American academic, social critic and feminist Camille Paglia is offering her take on feminism on U.S. college campuses today, actress Lena Dunham, as well as Hillary Clinton and Joe Biden.

In a YouTube video posted by Spiked last week, Paglia sat for an on camera interview with Spiked assistant editor Ella Whelan at the University of the Arts in Philadelphia, where Paglia has taught since the 1980s.

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“A problem is that young women today, at least in America … a whole generation of young people have been raised in a very protected environment right now. …

“Their education, from my observation, was rather banal, that is they have been taught humanitarian fellow feeling. They’ve been taught how to get along, no bullying. They’ve been taught to be very nice about anyone different, like transgender or people with a disability and so on and so forth.

“But they have very little sense of world history. They have very little sense of world geography. I think it’s a really serious problem in the United States …,” Paglia said. “America is extremely insular, we’re separated by these giant oceans from everything else. …

“The most pernicious aspects of feminism are hatched in the United States because of this insularity and also because of our very strange college system, which has gotten more and more recreational. College has nothing to do with education, okay, it’s sort of this ‘social experience’ that people are sort of packed off to that now costs an absolute fortune and is bankrupting students.

“The idea that there’s any central educational curriculum is long abandoned.”

Paglia argued “post structuralism” and “post modernism” has also undermined “any idea of history as having meaning.”

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“If you have had no exposures to the disasters of world history, and these sophisticated civilizations that rose, like Babylon or Rome, and they became very sexually tolerant and then fell until there was nothing left but ruble,” she said. “If you’ve had no exposure to that, then you honestly believe this idea that ‘it’s progress, visible all around us and we’re moving to an ideal state and the ideal culture where it will be transnational, global, and everyone will hold hands and everyone will be accepted for what they are, there will be no more prejudice and the environment will be pure and clean, and so on.’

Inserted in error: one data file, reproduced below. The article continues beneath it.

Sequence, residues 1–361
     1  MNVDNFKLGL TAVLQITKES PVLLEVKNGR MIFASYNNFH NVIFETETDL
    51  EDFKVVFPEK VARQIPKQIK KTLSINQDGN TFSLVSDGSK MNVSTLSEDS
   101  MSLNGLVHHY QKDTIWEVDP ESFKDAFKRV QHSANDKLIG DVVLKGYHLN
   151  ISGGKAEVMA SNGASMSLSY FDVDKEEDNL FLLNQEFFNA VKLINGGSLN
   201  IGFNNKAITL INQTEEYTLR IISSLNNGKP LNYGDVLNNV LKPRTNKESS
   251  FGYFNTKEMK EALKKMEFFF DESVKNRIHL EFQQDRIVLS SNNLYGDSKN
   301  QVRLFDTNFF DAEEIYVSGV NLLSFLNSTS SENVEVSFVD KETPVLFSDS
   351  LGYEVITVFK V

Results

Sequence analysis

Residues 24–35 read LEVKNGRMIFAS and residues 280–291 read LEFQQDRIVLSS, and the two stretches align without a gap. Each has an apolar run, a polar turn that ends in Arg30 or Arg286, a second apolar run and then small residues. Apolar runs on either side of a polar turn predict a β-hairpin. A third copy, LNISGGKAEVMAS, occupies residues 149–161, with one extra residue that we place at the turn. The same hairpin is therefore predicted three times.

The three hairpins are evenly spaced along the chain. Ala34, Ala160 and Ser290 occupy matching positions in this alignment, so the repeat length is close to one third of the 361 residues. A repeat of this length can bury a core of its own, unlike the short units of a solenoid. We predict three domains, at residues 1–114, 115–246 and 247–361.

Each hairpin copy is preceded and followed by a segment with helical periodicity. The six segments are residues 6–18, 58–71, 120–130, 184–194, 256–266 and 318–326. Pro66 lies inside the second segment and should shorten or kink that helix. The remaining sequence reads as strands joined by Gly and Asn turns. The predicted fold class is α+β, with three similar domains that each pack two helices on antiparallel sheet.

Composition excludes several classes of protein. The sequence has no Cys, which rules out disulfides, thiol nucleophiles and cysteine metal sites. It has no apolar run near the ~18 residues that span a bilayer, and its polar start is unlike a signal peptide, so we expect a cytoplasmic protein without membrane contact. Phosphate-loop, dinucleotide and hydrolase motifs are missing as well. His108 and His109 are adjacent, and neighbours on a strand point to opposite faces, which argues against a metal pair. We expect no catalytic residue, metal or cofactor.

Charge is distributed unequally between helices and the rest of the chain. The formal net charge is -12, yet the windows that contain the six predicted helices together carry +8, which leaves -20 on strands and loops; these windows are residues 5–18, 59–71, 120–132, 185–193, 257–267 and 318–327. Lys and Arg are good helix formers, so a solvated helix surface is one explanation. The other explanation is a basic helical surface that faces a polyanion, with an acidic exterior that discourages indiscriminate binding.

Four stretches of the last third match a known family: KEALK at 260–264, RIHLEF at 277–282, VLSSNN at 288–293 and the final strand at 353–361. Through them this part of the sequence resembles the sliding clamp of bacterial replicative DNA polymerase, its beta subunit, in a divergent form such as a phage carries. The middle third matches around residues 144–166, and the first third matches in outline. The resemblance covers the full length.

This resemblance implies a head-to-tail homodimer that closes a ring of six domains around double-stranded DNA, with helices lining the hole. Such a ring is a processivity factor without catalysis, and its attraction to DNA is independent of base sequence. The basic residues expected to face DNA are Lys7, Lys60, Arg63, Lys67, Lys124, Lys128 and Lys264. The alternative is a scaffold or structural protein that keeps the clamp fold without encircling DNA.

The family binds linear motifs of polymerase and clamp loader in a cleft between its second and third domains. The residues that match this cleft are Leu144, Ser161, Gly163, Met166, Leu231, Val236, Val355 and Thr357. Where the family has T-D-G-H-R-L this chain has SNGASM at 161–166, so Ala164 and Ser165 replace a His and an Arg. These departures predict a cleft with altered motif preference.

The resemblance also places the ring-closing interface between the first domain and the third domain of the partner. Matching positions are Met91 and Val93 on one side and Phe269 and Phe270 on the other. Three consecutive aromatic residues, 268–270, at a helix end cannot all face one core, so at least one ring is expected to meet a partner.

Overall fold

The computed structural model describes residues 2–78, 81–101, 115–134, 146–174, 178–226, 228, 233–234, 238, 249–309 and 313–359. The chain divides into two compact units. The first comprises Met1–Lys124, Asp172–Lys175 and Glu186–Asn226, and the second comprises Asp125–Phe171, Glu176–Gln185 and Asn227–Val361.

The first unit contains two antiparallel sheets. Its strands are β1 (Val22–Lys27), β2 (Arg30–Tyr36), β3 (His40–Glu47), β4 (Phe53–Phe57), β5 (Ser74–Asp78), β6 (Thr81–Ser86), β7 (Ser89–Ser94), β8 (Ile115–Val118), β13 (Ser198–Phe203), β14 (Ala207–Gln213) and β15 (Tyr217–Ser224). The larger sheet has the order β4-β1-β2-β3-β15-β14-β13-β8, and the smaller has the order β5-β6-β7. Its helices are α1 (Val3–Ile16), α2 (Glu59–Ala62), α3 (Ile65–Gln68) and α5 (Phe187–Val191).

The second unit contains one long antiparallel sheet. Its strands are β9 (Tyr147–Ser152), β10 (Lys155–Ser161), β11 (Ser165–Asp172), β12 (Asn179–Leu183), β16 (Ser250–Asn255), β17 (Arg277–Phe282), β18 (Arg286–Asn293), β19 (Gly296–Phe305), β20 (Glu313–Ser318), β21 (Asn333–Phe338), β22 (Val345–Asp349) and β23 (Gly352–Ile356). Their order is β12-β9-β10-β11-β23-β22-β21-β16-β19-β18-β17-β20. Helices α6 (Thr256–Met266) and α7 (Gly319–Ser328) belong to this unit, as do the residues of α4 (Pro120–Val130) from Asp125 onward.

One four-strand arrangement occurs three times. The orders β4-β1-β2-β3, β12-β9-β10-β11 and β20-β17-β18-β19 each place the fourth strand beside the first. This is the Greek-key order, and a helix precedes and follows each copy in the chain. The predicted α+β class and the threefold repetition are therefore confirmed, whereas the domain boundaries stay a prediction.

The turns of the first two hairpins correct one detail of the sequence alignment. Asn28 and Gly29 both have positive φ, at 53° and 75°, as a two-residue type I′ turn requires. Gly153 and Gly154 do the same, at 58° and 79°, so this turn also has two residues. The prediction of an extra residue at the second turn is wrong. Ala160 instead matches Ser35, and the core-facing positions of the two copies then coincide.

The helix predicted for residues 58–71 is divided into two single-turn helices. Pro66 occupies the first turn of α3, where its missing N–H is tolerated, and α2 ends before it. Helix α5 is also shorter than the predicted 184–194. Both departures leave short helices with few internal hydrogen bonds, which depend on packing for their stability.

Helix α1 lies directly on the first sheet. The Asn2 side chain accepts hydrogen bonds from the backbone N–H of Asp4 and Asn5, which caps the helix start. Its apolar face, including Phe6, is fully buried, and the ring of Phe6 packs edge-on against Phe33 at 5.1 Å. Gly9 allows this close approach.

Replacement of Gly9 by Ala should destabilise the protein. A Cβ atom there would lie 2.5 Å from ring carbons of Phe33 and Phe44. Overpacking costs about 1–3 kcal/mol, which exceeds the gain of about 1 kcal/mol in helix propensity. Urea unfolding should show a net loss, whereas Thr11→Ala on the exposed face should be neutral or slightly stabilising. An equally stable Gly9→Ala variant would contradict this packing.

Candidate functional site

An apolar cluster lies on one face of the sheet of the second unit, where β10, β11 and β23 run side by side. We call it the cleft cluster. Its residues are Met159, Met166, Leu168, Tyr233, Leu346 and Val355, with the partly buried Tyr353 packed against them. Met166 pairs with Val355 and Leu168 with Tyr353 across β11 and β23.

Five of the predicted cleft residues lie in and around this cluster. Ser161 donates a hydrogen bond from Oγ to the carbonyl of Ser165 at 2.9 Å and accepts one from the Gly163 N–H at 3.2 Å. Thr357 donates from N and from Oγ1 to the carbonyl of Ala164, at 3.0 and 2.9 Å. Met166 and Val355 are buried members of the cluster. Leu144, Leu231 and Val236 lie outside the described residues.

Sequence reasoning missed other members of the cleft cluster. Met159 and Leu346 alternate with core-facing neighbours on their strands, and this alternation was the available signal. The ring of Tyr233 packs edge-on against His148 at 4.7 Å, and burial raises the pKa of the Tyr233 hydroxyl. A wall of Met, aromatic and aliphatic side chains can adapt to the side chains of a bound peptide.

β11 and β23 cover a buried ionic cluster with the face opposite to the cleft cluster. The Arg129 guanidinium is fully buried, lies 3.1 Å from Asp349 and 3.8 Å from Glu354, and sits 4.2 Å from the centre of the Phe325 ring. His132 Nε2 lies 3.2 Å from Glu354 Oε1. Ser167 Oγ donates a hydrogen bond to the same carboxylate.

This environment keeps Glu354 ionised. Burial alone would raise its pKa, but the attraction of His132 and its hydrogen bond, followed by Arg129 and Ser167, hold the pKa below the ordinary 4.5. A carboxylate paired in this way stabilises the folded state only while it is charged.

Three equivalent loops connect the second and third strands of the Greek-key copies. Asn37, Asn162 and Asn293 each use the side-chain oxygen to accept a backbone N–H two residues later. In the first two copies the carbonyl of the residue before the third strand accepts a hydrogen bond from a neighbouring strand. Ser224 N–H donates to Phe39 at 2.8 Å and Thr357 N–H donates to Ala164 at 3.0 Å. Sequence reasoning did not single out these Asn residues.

“People have sort of this magical view of that utopia that is there in the future, and this … progressivist idea that we are marching toward perfection and that the signs of it are the toleration of the educated class for homosexuality or for changing gender or whatever seems to me the opposite,” Paglia continued.

“To me, it’s symptomatic of a civilization just before it falls. Which is that we are very tolerant, and we are not passionate, okay. But there are bands of very passionate vandals and destroyers who are moving around the edges of the civilization and will bring it down. This preoccupation with gender issues, and gender identity and so on, I think it’s extremely limited in the long run. And this hyper self-consciousness about ‘who am I, exactly? Where am I on the gender … spectrum am I located in terms of gender?’ I mean this is a kind of naval gazing, at a time when ISIS is beheading people in the mid-east. It’s a kind of madness, a self-absorption.”